Scarlet said...

I'm glad you don't give up easily. I can see why you feel let down, but I was thankful to hear what you have is not life-threatening or crippling. Still, you deserve answers and I hope your next doctor's visit is the one who solves the mystery.

Stay strong, girl friend!

sallymandy said...

Wow, I'm sorry. That sounds discouraging. Keep up the good work.

I think I'd do what Nicole suggested and look into Chinese medicine, too.

LL Cool Joe said...

That sounds very frustrating but at least it isn't anything life threatening.

I hope you do get some answers though and some kind of treatment.

I never go to the Doctor's so I haven't got any advice, but I do hope you get some help somewhere else.

Good luck.

LL Cool Joe said...

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Anonymous said...

At least you didn't get diagnosed with something horrible. That's a silver lining.

jameil1922 said...

one out of the eighteen? warm and friendly does not make up for that "diagnosis." what if there was some person not as quickly able to toss out silly diagnoses? very irresponsible.

Sparkling Red said...

Scarlet: Thanks! I don't have a lot of faith in allopathic medicine when it comes to providing answers. MD's have let me down more than they've helped me over the years.

Sallymandy: I see some good healing right in front of me: a kitten wearing a frog hat. :-) Don't they say laughter is the best medicine? That's the cutest thing I've ever seen!

LL Cool Joe: I don't know why I continue to give doctors a chance. They seem to be able to help a lot of people, but they can rarely help me.

Unsigned: Yes, I guess the 30% that walk out without a diagnosis are actually the lucky ones.

Jameil: I don't blame the doctor individually - I blame the limitations of Western medicine. It has a long way to go.

Kate said...

I have a friend that struggles with two chronic diseases - both of which are diagnosed. I had learned so much from him in the last two years about taking care of myself. I tend to get worn out (as in non-functioning) if I let myself get too tired or overwhelmed or overworked. And I have to do alot of things in my routine to keep that from happening. Most of it has to do with healthy lifestyle, good rest and giving myself a break when I need it. I don't even try to push through it anymore. I simply can't without serious repercussions.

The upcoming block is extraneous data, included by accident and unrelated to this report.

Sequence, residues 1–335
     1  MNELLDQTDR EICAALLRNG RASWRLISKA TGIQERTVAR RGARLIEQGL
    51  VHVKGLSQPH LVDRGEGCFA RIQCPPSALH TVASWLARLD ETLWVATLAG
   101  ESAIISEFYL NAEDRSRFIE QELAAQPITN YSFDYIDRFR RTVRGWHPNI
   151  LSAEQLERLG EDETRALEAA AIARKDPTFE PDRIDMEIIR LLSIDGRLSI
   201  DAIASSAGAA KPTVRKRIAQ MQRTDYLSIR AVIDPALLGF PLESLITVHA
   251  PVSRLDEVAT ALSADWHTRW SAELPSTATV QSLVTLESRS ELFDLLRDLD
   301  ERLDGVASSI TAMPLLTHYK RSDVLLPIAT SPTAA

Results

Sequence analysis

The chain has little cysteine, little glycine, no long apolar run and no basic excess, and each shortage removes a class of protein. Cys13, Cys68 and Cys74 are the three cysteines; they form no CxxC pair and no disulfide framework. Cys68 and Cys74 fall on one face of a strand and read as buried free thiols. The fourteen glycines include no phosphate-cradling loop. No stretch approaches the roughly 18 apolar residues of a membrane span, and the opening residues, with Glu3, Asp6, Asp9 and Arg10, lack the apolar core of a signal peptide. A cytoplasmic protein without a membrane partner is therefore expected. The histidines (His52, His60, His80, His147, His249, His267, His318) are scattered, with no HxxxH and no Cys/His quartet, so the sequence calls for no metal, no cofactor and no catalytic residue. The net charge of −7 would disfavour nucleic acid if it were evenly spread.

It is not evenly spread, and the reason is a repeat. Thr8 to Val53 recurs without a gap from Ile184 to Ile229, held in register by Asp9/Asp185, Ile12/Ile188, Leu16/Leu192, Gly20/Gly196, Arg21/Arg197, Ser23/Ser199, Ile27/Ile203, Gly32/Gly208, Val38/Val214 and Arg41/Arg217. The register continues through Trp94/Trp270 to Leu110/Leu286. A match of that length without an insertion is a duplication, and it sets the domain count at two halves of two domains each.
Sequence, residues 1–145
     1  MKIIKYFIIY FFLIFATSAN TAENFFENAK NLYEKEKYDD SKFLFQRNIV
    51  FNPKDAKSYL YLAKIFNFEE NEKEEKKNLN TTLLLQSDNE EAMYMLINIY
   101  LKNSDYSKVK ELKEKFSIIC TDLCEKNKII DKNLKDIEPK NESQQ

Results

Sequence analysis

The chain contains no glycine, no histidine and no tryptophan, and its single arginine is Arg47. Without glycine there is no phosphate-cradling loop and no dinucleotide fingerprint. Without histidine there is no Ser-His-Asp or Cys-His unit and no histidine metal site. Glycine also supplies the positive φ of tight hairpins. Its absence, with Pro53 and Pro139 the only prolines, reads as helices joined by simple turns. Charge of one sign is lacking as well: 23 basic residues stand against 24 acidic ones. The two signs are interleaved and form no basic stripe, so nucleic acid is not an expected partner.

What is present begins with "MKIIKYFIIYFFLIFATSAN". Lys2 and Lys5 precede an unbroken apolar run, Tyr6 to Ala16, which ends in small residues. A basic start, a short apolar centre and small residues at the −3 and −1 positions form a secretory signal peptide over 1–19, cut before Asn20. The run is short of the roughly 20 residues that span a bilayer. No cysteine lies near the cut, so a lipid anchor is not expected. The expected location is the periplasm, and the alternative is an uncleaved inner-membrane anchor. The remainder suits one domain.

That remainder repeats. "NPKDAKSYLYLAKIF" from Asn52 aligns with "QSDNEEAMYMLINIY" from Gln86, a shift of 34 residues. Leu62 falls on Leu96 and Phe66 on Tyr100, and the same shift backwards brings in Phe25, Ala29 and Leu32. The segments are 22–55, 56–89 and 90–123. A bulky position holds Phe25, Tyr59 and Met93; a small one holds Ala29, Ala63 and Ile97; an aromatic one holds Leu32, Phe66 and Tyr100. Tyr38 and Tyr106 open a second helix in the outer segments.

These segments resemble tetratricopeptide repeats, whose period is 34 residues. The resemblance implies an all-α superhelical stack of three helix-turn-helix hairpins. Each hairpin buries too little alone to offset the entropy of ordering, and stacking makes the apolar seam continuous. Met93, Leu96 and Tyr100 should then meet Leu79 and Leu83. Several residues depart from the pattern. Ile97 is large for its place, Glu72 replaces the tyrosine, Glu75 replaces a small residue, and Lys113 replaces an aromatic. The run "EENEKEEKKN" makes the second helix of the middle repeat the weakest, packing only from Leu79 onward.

With that said - you're on the right path - you take what she said and you move forward. You can rule out two diagnoses and then somewhere down the line - you'll see someone else who might have the answers. Acceptance is not the easiest thing in the world.

Dianne said...

I am very glad that at least 2 serious conditions were ruled out, that is part of an answer at least

I hope Thursday is a good appt.

Don't feel let down - good things are waiting for you :)

Karen said...

I am a little late to the conversation, sorry. I went through something similar when I had my first bought of Fever Of Unknown Origin. Basically to this day I suffer from an auto-immune disease which is actually named UNKOWN.


I have come to accept that body is a wild and crazy thing. Sometimes it doesn't act like it is supposed to. Thankfully I don't have daily physical pain or anything. But when the bad bouts hit, I end up in the hospital for a few days to a few weeks.

Good luck. I hope you get an answer.

Alex said...

No, a giver-upper you are not. What you are is a consistent source of inspiration to me, for various reasons. I don't comment much, but I wante to make mention how very much I enjoy your writing. Thank you for that.

Sparkling Red said...

Kate: I hear you. It's taken me years to come to terms with my limitations. Actually it's a lot easier now that my friends are getting older and feel less inclined to stay out till all hours of the night. I don't feel like I'm missing out on as much by getting to bed on time.

Dianne: Thanks :-) Thursday at my naturopath's office did remind me that there is a whole realm of wholistic remedies yet to be explored. I'm feeling very hopeful.

Karen: Yes, Grrrr! It is so frustrating not to be able to name the malady. Once we can name something we have more power over it. That's true in science, folklore, and psychology. "Unknown" just doesn't do the trick.

Alex: It's so wonderful for me to hear that my writing has been an inspiration. It's humbling, because I don't understand the mechanism behind it, but if I can take the challenges of my life and somehow transform them into something that can bring grace into other lives, then it's all worthwhile. Comments like this one bless my life with meaning, and other than love itself there is no greater gift.